Friday, September 21, 2012

Whitewater Waylay

Once you enter the gorge below the dam, there is no turning back. We’re sitting in a large raft on a Saturday morning. Right now we’re tied securely to the rocks. The dam begins to release water. We’re going to ride a bubble of wild water downstream. Are we thinking about the three and a half miles of river we’ll soon be paddling through?  Or the Class IV Whitewater we’ll be battling?  Maybe remembering last year’s rafting trip?  The one where the guide fell out, and when we pulled him onto the edge of the raft, the whitewater took his pants down. (Luckily I think he had prehensile toes, cause he caught them before the river took them.) Nope. Right now I have two far more immediate problems.

Whitewater Rafting in Maine is cold. I think everything in Maine is cold. It’s August and everyone is wearing full wetsuits. This is a summer trip with an adventurous group from work. This morning we all crawled out of our tents before dawn, ate some food and stood in line to get our wetsuits. And once again, when asked publicly for my weight, I lied. Some people are such slow learners. Once this suit gets wet, I may need the jaws-of-life to get out of it. The other factor contributing to my distraction is Juan. He’s the guy from work, the one I went out with whose car caught on fire. The one who tried to kill me mountain climbing, and who got me rescued by the ski patrol on our second date, yeah him. We work for the same company, but in different cities. Yet here he is - all great smile and looking pretty darn nice in his properly fitting wetsuit. Bet he didn’t lie about his weight.
We’re clinging to the rocks waiting our turn to release. My raft mates are starting to get nervous about the wall of whitewater coming for us. Except Juan, he’s talking about swimming. Seems Juan was on the swim team in high school. Figures. My coworker, Tari, is very nervous. Unfortunately when she gets nervous she starts to talk, a lot. So far she’s regaled us with tales of her visit to the Lady Doctor last week, the time she got arrested for shop-lifting as a teen and now she’s informing Juan that she probably can never date him on account of the way he ties his shoelaces. I’m not nervous about the whitewater, mostly because I didn’t wear my contact lenses and can’t see much. I do wish Tari would hush, though. Between her and Juan, my commune with nature is being infringed on. Then Tari informs the entire raft that I left my underclothes on beneath my wetsuit. This faux pas proves a huge distraction and lightens the mood in the raft. So glad I could help.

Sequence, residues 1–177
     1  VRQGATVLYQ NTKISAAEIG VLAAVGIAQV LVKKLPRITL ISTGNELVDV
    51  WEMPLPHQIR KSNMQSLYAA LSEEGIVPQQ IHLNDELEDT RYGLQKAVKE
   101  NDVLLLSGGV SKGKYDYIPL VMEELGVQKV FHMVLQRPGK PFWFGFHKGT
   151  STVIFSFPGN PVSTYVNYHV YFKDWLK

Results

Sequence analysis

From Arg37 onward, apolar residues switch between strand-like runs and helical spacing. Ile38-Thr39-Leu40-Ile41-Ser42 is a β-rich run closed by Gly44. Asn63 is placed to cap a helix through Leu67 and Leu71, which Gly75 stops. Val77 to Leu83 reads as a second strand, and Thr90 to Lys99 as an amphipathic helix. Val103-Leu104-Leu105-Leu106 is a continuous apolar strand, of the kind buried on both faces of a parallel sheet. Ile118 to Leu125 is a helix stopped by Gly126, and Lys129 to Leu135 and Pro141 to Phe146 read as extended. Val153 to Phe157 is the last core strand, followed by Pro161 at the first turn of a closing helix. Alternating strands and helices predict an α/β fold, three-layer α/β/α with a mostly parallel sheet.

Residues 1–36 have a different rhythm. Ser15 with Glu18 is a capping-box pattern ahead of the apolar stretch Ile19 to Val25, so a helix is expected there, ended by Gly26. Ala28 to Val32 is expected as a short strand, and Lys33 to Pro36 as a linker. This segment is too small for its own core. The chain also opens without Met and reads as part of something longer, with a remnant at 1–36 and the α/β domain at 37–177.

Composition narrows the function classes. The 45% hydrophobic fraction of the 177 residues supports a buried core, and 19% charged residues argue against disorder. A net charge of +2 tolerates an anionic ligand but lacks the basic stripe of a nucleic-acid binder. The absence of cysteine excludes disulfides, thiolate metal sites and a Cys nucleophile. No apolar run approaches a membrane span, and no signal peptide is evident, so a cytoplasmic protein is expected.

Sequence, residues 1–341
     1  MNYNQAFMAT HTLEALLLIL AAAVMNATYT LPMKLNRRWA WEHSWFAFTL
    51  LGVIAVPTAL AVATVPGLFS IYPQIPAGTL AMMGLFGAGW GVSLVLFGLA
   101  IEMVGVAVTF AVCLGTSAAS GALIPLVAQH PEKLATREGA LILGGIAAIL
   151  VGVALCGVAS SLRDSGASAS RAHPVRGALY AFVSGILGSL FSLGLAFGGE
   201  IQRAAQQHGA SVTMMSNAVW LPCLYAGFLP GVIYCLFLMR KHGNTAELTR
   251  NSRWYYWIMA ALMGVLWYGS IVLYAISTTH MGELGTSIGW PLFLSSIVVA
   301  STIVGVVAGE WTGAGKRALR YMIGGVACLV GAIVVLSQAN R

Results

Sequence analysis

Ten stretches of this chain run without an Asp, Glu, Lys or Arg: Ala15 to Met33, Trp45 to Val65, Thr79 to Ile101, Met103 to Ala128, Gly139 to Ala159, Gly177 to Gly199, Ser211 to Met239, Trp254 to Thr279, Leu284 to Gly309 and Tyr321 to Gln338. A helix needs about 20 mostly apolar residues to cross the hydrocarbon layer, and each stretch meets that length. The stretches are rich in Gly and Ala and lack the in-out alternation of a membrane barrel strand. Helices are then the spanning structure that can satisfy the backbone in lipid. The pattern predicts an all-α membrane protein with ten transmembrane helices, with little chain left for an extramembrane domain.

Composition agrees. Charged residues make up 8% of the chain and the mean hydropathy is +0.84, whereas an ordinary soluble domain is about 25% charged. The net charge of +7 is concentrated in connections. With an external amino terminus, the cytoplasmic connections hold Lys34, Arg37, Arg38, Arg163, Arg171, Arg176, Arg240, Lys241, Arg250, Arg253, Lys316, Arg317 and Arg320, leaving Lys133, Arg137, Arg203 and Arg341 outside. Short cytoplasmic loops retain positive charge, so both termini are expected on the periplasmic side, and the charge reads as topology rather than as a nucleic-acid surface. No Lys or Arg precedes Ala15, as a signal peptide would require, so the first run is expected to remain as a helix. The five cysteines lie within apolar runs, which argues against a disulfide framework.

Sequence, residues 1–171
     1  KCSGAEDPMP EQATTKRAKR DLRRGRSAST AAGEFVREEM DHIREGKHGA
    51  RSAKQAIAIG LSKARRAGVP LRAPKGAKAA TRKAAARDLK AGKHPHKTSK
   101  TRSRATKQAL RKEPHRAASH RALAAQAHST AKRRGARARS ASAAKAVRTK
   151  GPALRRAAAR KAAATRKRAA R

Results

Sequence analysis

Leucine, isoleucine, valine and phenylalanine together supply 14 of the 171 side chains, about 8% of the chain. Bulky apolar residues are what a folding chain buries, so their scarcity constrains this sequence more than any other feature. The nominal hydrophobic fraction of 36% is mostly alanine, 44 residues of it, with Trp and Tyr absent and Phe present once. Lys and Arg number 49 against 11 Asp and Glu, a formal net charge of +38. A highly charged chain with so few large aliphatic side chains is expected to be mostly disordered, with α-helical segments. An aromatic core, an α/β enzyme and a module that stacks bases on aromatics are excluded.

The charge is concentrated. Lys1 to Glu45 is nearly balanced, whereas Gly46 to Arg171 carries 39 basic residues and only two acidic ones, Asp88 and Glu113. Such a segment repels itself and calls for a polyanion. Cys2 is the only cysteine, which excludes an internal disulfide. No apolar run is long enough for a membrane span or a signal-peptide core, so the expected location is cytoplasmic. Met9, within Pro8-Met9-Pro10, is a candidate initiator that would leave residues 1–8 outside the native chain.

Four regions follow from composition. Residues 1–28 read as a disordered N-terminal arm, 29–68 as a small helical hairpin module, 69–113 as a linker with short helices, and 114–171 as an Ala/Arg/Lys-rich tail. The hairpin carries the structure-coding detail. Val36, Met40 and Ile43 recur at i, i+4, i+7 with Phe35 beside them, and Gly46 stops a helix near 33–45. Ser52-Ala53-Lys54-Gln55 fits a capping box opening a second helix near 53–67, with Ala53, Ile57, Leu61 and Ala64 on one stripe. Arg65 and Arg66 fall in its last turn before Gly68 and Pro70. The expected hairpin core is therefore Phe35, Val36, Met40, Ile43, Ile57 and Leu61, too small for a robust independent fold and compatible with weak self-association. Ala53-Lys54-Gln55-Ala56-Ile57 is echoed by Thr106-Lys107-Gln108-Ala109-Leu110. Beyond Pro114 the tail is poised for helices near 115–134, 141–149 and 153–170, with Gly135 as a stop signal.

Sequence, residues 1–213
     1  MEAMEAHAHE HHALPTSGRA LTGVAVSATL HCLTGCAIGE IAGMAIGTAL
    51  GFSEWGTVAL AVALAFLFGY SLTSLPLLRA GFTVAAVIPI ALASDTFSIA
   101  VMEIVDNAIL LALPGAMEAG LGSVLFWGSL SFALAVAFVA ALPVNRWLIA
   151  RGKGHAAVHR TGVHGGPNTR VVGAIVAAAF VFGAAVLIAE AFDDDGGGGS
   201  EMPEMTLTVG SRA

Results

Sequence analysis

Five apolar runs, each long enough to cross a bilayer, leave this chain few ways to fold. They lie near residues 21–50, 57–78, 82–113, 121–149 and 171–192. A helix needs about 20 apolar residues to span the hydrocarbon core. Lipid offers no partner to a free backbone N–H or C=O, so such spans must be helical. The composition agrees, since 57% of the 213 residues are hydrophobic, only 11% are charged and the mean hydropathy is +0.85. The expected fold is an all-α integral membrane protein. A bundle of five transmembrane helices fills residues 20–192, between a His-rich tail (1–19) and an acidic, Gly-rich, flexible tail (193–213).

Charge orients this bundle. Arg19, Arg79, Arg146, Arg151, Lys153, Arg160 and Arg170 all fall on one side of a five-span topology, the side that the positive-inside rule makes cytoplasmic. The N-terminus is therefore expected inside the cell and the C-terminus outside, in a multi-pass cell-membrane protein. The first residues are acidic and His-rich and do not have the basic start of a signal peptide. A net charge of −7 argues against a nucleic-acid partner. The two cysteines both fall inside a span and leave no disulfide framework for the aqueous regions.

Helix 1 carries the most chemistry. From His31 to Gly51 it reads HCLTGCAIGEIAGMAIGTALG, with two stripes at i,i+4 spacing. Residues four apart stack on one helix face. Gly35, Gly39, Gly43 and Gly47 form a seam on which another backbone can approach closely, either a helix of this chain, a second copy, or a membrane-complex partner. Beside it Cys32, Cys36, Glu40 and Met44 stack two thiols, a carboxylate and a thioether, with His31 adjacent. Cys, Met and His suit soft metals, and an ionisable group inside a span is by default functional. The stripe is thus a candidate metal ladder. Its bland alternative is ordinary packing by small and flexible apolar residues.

Thankfully it’s our turn and we’re off. Tari, Juan, and my underclothes are forgotten. Whitewater rafting blows your hair back and takes your breath away. Maine scenery flitting by is gloriously spectacular. Here is my muse. I’ve been looking for her!  We’re leaning partially out of the raft, digging those paddles in deep, obeying the commands of the guide and flying downriver through churning, swirling chaos. Surrounded by roaring whitewater, grey cliffs rise sharply on both sides, and there’s only whitewater in front of us. It smells like cold and pine. It is spectacular. There is a trick to keeping your balance as you plow through the water. I’m using shifting bodyweight to stay inside the tossing and turning raft. Right now I’m glad for every pound. The tight wetsuit is forgotten at this point, I think I’m too excited to breathe.

The guide roars instructions as we race through powerful roller-coaster-like waves. We are soaking wet and loving it. The rapids have names like “Big Mama,” “Magic Falls,” and we’re heading right into “Maytag,” named for the washing machine. Maytag is the piéce de résistance on a good day like today. With Class IV whitewater, this puppy is terrifyingly awesome. I’m listening to the guide’s shouts, digging in with my paddle as instructed. There’s whitewater everywhere, the people in my boat are hidden inside it. Then something very strange and confusing happens.  Suddenly I’m sitting on a rock right in the middle of the Maytag, and the raft is gone. I don’t know how I got here. Quicker than thought the rock is gone too and I’m in the rapids. At the time I was not aware that a giant wave had brushed me out of the boat as easily as though I were the lightweight I’d claimed to be. Then the entire craft upended and spilled everyone out, washing downstream, upside down and unmanned.